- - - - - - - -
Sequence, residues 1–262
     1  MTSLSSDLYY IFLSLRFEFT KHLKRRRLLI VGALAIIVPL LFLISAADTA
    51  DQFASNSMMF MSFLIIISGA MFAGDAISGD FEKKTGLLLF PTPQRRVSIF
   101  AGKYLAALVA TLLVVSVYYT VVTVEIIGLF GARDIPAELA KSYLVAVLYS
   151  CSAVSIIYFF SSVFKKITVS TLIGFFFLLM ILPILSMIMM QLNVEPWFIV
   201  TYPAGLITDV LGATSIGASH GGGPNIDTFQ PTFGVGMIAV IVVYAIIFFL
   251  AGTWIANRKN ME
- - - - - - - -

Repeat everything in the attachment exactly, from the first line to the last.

Sequence, residues 1–262
     1  MTSLSSDLYY IFLSLRFEFT KHLKRRRLLI VGALAIIVPL LFLISAADTA
    51  DQFASNSMMF MSFLIIISGA MFAGDAISGD FEKKTGLLLF PTPQRRVSIF
   101  AGKYLAALVA TLLVVSVYYT VVTVEIIGLF GARDIPAELA KSYLVAVLYS
   151  CSAVSIIYFF SSVFKKITVS TLIGFFFLLM ILPILSMIMM QLNVEPWFIV
   201  TYPAGLITDV LGATSIGASH GGGPNIDTFQ PTFGVGMIAV IVVYAIIFFL
   251  AGTWIANRKN ME